The Kratky Method: A Simple & Fun Way to Grow Hydroponically

By Shannon McKee
Published: April 24, 2020 | Last updated: May 26, 2021 07:47:51
Key Takeaways

Hydroponic systems can be complex. For many growers, constantly tinkering with their systems is part of the appeal. But sometimes an easy, simple way of growing can provide a nice break. The Kratky Method provides a fun, hands-off way of growing hydroponically without tubes, pumps, and electricity. Shannon McKee tells us how it works.

Caption: Kratky method growing using plastic container and net pots Source: vm2002/Shutterstock

You love container gardening. It offers an easy way to get fresh vegetables and fruits in a small space without a lot of hassle. Hydroponic gardening is another great method of gardening, but can often take up a lot of space, have energy requirements, and can be complex depending on the system.

What if I told you there was a way to combine your love of containers with hydroponic gardening? The Kratky Method is a way of hydroponically growing your plants in a container without needing electricity, air stones, pumps, or anything else. This means that the Kratky Method is a passive hydroponics system.

This method was developed by University of Hawaii horticulturalist Bernard A. Kratky, and is perfect for someone that wants to grow indoors without having to get wrapped up in a more involved hydroponic system.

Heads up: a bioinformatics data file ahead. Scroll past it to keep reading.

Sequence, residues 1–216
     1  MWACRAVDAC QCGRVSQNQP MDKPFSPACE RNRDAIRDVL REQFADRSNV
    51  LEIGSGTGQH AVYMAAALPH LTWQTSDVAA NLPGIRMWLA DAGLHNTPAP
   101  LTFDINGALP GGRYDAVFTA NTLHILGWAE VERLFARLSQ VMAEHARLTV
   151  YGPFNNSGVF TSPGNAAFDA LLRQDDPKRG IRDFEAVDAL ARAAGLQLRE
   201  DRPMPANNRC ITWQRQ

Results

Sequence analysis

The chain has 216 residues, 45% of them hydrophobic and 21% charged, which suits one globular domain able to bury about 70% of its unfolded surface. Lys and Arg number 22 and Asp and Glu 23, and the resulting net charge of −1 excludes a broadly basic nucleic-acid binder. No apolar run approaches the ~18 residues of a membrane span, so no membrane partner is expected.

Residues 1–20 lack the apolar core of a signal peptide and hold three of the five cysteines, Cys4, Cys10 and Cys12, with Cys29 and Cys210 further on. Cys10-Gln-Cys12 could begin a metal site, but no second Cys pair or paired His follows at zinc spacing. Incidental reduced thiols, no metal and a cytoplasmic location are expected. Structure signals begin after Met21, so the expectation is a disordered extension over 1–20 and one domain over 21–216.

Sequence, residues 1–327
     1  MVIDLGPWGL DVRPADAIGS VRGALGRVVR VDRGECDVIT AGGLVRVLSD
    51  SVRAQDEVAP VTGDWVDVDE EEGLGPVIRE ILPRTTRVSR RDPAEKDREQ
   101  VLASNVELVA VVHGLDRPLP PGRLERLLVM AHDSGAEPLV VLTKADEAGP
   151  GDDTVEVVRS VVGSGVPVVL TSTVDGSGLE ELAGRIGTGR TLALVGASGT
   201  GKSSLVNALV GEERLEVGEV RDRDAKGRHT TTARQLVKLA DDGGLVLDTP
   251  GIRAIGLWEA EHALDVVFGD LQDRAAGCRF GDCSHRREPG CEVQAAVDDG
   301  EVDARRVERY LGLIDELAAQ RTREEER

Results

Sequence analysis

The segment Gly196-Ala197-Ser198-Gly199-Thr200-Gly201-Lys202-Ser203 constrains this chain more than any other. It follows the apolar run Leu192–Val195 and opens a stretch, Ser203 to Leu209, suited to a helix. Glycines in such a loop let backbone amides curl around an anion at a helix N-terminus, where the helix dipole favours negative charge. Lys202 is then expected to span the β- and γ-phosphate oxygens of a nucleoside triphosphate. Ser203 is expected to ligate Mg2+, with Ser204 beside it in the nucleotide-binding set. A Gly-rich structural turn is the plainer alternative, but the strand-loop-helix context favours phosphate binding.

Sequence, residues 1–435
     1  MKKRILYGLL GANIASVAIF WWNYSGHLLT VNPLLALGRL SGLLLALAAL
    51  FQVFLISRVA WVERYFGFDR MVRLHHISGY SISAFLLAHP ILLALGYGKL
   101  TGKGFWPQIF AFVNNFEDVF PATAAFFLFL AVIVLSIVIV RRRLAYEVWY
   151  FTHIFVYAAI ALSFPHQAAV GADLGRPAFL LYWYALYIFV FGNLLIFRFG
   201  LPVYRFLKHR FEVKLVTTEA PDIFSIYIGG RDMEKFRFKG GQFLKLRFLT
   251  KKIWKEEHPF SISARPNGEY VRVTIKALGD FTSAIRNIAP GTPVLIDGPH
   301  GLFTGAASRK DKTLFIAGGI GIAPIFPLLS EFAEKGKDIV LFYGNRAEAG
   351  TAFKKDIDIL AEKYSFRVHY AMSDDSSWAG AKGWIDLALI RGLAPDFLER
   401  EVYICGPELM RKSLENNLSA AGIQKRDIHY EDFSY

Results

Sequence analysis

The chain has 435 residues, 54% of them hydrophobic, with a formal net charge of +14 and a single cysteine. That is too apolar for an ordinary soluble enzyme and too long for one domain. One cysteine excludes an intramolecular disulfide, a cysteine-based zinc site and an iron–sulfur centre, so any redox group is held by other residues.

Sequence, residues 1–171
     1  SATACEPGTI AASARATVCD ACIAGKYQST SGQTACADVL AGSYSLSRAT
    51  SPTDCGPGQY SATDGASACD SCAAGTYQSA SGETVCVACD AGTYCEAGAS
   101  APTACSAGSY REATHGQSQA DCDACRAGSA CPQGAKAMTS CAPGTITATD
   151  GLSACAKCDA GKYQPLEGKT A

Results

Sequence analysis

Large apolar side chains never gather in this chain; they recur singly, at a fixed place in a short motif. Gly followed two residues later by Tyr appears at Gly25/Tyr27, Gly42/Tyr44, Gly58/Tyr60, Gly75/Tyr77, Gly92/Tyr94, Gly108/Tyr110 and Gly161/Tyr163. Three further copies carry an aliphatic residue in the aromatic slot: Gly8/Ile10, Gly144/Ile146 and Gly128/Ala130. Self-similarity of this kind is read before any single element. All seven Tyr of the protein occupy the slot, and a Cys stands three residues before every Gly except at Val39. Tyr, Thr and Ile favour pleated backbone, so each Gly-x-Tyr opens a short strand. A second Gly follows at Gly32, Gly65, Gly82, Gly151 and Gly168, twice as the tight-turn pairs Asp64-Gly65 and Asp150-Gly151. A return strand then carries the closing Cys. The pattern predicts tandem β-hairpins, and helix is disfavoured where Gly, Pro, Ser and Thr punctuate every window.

How to Set Up a Kratky Hydroponic System

Illustration demonstrating the Kratky methodIllustration demonstrating the Kratky method

This passive hydroponic technique involves growing plants suspended above a reservoir of nutrient-rich water. The Kratky method is ideal for small-scale and low-maintenance gardening, making it perfect for home growers. The steps below will guide you through the process of setting up a Kratky hydroponic system so you can start growing your own plants in no time.

Items Needed:
• Seed of choice
• Container with lid that can be cut
• Water
Nutrient solution
• A pH kit
Net pot
• Growing medium, like rock wool


You’ll want to find a container that will be large enough for your purpose. A tomato plant will need a larger container, such as a pail, a Styrofoam cooler, or even a plastic food-grade storage container. A smaller plant will require a smaller container, like a large coffee can or similar sized container for growing a head of lettuce.

To prepare, fill the container with the water and the nutrient solution. You’ll want to test the pH to make sure that the water is ideal for the type of plant you’re growing in it.

Next, prepare the container. You’ll need to put a hole in the lid of the container that’s big enough for your net pot to sit in. Plant your seed in the growing medium in the net pot, and watch your plant grow. (Read also: The Dutch Bucket Hydro System and How it Works)

How the Kratky Method Works

Hydroponic plant growing in a water bottle and mason jar showing roots and basket using the Kratky methodHydroponic plant growing in a water bottle and mason jar showing roots and basket using the Kratky method. Source: Shutterstock